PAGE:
Daylight savings time
From MozillaZine Knowledge Base
A bug in Mozilla Mail and Thunderbird can cause a variety of problems to occur when your computer’s clock changes due to daylight savings time (DST) or switching time zones. You may be experiencing this bug if you see any of these problems:
Metadata about your mail and your mail folders are stored in mail summary files (*.msf) in your profile folder. When your computer’s clock changes, some of the timestamps stored in the summary files may differ from the files’ timestamp. This causes all the data in the file to be considered invalid, and the loss of data manifests itself as the problems listed above.
Who is affected
This bug currently only affects profiles stored on FAT32 partitions (or file shares). In older versions of Thunderbird, other filesystems were affected as well.
Exit Thunderbird and delete all of the *.msf files for every account in your profile, including any accounts that seem to be unaffected. Thunderbird will build new *.msf files the next time you run it.
Note: Your messages are stored in text files with the folders name and no file extension, not in the *.msf files. For example, the messages for your inbox folder are stored in “inbox.”, not “inbox.msf”. You can verify this by opening the file with a text editor.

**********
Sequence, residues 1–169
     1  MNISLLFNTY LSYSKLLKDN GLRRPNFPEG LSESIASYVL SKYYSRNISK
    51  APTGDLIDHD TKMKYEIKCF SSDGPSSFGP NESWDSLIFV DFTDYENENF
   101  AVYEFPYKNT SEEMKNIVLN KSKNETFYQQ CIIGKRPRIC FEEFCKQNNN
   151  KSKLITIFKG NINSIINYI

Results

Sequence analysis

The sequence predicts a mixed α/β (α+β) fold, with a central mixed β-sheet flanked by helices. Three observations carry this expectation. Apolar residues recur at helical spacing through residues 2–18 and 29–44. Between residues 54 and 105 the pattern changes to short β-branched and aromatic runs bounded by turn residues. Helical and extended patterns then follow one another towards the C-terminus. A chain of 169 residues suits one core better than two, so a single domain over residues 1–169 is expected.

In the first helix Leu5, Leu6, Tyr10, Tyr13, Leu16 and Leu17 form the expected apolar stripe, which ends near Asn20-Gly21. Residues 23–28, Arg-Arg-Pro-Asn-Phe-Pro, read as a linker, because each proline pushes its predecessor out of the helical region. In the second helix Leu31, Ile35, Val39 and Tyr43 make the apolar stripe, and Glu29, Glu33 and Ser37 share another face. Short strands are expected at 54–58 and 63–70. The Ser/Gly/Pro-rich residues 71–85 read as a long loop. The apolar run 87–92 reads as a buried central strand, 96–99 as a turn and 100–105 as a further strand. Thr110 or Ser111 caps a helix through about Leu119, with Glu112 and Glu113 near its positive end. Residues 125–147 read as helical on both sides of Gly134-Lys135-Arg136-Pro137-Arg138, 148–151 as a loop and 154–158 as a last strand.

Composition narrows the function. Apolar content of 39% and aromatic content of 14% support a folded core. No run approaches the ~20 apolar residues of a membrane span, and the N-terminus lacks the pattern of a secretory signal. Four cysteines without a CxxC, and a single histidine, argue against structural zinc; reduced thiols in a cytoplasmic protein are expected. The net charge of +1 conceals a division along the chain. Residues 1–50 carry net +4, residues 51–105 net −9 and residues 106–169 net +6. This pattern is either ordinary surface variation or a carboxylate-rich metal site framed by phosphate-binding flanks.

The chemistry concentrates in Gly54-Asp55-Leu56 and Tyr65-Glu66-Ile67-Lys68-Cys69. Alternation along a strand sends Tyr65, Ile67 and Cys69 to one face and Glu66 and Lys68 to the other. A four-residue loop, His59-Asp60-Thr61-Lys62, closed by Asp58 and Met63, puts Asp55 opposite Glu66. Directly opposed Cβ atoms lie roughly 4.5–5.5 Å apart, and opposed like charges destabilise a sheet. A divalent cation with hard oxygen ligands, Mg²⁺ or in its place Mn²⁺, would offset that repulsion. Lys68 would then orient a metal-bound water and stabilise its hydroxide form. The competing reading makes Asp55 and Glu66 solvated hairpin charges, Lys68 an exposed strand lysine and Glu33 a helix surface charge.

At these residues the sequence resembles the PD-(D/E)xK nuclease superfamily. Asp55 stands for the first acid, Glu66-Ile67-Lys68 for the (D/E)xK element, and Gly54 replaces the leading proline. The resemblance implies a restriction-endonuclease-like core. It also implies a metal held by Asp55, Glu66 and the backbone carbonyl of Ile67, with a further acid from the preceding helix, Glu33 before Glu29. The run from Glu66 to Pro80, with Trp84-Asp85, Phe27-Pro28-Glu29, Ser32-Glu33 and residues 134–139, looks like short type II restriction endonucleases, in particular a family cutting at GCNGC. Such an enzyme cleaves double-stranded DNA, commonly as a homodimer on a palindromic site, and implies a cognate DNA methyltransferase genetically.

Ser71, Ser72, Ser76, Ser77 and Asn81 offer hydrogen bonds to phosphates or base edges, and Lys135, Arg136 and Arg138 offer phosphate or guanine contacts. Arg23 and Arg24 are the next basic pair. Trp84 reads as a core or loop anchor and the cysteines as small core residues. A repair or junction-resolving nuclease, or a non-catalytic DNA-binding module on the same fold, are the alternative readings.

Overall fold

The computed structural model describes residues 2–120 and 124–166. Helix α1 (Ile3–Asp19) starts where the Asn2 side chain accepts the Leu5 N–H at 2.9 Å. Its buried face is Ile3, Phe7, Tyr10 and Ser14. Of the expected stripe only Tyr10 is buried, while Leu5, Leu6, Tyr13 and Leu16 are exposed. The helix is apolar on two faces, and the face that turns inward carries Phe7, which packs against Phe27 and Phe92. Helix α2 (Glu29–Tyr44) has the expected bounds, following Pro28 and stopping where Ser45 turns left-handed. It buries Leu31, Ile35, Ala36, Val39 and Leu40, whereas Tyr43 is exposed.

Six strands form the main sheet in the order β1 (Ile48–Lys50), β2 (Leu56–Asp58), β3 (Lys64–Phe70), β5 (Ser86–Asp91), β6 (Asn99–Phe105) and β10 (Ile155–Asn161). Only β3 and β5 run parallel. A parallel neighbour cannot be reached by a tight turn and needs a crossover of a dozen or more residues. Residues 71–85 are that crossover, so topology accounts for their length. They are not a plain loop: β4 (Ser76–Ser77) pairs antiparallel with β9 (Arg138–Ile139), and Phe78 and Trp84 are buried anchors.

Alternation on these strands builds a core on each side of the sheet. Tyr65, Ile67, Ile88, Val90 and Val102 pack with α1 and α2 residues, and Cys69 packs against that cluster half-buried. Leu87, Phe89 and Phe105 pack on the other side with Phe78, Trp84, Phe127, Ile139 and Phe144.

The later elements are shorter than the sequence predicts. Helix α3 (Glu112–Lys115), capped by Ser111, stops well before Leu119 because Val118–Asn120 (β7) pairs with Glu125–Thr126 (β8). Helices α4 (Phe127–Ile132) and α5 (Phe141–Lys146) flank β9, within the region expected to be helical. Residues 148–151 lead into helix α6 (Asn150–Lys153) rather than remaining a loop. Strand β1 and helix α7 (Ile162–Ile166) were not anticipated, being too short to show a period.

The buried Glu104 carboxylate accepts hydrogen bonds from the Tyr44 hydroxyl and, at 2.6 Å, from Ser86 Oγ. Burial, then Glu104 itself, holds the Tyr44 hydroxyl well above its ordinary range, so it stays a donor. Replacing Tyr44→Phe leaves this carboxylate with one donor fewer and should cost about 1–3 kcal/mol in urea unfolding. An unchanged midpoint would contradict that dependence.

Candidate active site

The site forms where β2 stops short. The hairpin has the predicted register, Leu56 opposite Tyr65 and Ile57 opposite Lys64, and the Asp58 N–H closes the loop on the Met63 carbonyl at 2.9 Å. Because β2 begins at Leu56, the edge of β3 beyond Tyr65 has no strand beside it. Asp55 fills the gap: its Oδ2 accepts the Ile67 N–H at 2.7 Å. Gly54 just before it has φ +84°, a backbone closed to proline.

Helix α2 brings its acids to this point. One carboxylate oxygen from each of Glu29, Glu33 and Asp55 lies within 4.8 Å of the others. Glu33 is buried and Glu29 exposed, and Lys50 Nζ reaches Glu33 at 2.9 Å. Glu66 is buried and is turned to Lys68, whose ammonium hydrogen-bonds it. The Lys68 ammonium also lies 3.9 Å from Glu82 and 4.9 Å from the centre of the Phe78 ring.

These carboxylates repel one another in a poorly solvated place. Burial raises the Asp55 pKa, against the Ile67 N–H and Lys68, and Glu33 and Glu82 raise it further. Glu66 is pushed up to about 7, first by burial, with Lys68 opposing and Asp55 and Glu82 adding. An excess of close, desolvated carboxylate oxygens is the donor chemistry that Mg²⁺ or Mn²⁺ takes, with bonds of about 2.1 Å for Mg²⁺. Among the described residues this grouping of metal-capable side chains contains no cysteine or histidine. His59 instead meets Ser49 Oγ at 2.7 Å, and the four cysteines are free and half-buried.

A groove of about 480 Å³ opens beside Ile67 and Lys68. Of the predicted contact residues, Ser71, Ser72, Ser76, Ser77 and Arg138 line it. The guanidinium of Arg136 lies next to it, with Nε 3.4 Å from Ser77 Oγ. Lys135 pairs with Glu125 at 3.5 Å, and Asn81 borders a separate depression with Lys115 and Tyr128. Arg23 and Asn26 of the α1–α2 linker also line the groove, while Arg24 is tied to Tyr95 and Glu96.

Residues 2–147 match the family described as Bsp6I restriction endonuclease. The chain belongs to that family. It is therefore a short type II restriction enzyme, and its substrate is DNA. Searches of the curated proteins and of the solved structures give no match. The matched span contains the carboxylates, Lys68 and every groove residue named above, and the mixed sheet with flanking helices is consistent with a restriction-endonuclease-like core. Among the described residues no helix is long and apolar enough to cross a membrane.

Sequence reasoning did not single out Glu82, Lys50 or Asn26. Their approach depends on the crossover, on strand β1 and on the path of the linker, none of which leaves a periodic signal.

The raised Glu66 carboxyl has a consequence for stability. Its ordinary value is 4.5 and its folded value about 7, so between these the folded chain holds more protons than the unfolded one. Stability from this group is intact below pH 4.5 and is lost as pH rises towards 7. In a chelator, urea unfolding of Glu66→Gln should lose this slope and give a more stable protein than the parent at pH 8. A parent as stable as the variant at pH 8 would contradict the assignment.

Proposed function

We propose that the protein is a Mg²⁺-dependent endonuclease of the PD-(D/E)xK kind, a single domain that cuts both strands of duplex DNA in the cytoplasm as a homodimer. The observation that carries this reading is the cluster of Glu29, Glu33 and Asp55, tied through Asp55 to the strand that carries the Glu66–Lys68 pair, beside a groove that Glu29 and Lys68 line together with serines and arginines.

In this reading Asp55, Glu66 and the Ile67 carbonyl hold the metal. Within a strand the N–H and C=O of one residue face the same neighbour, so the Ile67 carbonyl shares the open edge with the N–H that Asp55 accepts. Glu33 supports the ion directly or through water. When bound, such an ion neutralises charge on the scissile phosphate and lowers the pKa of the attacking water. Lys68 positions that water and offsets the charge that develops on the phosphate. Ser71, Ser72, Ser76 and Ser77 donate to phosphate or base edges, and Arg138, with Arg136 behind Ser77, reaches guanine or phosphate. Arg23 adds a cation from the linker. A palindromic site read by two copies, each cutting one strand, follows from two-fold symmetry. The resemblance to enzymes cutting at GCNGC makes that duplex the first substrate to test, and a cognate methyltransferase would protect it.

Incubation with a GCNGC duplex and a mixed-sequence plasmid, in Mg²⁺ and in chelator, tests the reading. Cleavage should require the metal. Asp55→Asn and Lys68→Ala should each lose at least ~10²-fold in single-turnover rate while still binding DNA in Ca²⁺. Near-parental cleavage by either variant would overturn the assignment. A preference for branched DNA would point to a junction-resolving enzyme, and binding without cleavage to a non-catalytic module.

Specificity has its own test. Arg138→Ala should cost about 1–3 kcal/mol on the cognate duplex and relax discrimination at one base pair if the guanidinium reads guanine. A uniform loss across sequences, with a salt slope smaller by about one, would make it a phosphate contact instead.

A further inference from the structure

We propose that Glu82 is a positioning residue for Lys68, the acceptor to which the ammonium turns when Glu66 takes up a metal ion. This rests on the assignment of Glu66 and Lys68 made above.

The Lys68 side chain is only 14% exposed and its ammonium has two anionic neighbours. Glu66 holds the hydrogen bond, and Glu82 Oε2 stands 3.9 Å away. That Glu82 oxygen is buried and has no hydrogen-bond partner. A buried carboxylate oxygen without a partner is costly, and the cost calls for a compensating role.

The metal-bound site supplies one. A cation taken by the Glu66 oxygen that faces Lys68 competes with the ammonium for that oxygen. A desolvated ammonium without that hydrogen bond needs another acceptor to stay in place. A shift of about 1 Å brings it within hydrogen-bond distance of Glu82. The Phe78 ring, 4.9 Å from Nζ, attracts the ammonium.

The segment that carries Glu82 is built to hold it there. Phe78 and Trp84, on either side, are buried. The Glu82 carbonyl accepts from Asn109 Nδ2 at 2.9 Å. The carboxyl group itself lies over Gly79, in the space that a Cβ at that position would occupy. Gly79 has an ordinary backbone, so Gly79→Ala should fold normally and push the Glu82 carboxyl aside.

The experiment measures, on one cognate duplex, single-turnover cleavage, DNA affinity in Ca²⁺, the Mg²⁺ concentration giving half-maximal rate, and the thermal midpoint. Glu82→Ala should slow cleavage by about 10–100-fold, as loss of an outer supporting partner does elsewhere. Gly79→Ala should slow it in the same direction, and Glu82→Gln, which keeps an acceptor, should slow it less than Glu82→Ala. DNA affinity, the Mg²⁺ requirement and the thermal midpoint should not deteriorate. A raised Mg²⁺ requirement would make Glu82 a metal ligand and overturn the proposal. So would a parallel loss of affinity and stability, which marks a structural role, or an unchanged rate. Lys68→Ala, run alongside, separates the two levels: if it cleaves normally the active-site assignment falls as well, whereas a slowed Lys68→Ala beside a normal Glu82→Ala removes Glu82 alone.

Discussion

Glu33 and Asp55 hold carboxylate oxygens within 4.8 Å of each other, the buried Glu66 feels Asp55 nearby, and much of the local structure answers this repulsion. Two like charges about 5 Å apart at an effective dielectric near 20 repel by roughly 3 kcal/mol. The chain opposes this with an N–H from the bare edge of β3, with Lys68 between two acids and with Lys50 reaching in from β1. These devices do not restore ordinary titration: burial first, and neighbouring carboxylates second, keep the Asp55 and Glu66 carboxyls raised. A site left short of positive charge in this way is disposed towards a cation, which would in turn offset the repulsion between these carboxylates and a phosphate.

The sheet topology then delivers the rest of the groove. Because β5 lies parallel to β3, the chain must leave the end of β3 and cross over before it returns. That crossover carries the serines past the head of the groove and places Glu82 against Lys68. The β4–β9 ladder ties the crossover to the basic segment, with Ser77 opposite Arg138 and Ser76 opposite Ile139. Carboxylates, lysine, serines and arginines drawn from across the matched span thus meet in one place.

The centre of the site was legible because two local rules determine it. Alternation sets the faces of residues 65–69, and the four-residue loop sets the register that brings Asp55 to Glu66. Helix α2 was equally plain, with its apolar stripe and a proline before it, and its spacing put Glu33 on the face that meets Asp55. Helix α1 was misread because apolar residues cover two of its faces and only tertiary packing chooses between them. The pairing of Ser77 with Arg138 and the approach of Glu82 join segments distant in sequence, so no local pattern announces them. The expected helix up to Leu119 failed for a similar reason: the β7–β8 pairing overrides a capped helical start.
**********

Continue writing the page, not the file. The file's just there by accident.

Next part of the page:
You may want to backup your profile beforehand in case you make a mistake.
If you have problems with just your inbox folder afterwards, it may have been slightly corrupted beforehand. Try replacing the inbox folder.
Set the preference mail.db_timestamp_leeway to a number greater than 3600 to allow Thunderbird to ignore variations in *.msf file timestamps caused by DST. This has been changed for Thunderbird 2.0. You can add it in 1.5 by:
Compact all of your folders beforehand. This will physically delete any deleted messages, which are actually just marked for deletion and hidden until you compact the folder. That should prevent deleted messages from being resurrected and reduce the chance of a folder getting corrupted.
The “Keep it working” article describes several things you can do to minimize problems in general, such as automatically compacting your folders.